New Hampshire is proud of its liquor stores. In a letter attached to the 2016 annual state Liquor Commission financial report, former governor Maggie Hassan said, “I want to congratulate and thank the New Hampshire Liquor Commission and its staff of more than 1,400 full- and part-time employees on yet another record-breaking year.”
She was referring to the $678.4 million in gross sales, which marked an increase of $36.3 million over the previous fiscal year. For Hassan, the numbers translated to $156 million added to the state’s general fund.
With no sales or income tax, there is no doubt New Hampshire needs the money. But we wonder how much lawmakers pay attention to the economic and societal costs of excessive drinking when deciding, for example, whether to fully fund the state’s Alcohol Abuse Prevention and Treatment Fund.
In 2012, New Futures, a New Hampshire nonprofit that advocates for policy changes that improve the health and wellness of residents, commissioned a study on the “corrosive effects” of alcohol misuse on the state’s economy. What the statistics reveal is staggering: worker productivity losses of $940 million; $285 million in annual medical care charges; $67 million in alcohol-related motor vehicle crashes; $37 million in corrections costs. The study found that alcohol played a role in 31 percent of all arrests and nearly 13 percent of all crimes committed in New Hampshire in 2012.
New Hampshire has spent a lot of time talking about the opioid epidemic in recent years, and rightfully so, but alcohol remains an expensive and deadly problem here and throughout the country.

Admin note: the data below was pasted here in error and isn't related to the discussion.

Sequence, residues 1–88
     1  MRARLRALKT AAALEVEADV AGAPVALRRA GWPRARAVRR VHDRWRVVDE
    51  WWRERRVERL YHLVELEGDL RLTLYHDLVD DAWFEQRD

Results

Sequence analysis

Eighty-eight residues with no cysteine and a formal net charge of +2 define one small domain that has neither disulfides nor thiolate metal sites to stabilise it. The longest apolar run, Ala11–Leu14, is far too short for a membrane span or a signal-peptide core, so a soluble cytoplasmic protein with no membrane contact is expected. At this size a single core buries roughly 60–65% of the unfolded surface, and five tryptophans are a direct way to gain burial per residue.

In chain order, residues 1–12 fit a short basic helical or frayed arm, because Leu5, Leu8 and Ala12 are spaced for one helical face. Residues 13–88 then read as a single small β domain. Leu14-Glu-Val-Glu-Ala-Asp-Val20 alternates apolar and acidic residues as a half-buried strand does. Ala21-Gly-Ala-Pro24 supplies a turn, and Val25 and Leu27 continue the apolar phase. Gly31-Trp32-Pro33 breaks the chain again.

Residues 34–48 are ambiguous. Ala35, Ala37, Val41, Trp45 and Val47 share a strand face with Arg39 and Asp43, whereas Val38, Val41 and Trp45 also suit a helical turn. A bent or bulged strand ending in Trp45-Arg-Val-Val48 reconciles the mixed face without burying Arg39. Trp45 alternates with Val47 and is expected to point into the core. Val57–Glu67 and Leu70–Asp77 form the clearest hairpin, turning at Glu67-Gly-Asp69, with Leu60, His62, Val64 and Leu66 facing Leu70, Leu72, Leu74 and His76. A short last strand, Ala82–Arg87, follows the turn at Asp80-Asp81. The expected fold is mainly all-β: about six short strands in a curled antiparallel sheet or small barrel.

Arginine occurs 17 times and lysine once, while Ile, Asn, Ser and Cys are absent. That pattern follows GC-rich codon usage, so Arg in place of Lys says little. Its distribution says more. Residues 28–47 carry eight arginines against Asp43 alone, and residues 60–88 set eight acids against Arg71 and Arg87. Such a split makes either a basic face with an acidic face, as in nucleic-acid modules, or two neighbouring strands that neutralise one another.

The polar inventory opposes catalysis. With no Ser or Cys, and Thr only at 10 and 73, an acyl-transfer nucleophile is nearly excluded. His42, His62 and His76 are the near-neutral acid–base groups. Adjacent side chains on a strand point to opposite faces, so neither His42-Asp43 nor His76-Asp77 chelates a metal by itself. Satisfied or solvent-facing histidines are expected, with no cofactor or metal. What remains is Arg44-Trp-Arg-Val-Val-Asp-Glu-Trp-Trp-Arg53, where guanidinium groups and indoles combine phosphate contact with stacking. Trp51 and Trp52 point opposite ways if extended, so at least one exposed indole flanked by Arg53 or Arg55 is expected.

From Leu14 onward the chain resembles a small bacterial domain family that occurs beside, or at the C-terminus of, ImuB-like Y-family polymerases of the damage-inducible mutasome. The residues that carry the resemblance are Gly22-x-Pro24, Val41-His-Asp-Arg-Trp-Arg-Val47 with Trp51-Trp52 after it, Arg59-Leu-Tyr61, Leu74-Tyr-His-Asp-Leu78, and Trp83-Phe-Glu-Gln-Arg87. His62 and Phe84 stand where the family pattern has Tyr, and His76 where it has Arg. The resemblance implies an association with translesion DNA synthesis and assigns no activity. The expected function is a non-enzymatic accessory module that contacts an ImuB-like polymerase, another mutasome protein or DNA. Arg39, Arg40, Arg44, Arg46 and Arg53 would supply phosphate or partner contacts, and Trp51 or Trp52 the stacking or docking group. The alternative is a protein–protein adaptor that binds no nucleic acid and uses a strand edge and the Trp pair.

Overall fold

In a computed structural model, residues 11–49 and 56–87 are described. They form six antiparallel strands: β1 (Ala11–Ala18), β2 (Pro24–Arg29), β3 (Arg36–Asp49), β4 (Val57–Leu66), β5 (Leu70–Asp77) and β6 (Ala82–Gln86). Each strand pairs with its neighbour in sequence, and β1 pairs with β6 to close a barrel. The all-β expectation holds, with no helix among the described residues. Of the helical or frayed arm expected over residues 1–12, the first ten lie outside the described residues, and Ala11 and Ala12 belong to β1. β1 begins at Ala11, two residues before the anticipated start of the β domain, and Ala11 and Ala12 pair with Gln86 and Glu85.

According to the Centers for Disease Control and Prevention, excessive alcohol use causes about 88,000 deaths each year in the United States, which is significantly more than the approximately 50,000 fatal drug overdoses tallied last year. Drinking has been tied to high blood pressure, heart disease, stroke and liver disease, as well as cancer of the breast, mouth, throat, esophagus, liver and colon.
The CDC offers various guidelines for individuals when it comes to alcohol consumption, but it also issues recommendations for state and local governments. For example, the CDC’s Task Force on Community Preventive Services cited “sufficient evidence of a positive association between outlet density and excessive alcohol consumption and related harms.”
New Hampshire doesn’t want to hear it. Seven new liquor and wine stores opened last year and two more are on the way, including one in Warner, for a total of 81 state outlets. And that doesn’t include all the markets and restaurants that buy licenses to sell beer and wine.
One way that the state has sought to ease its conscience is the Alcohol Fund, which was established in 2000 to redirect a small percentage of alcohol profits to education, treatment and recovery programs. The fund was originally supposed to receive 5 percent of the profits, but it has been funded at that level only once. Last year just 1.7 percent, about $3.3 million, went into the fund. That’s $6.6 million for the biennium when it should have been close to $20 million.
We are not teetotalers, and we don’t believe the state should shutter all of its liquor and wine outlets. But we do believe that when New Hampshire can’t bring itself to give up even 5 percent of its record profits each year to address the negative impacts of the product it sponsors, it reveals shortsightedness that approaches malevolence.
If New Hampshire is going to peddle alcohol, it should have no illusions about its culpability in a silent epidemic.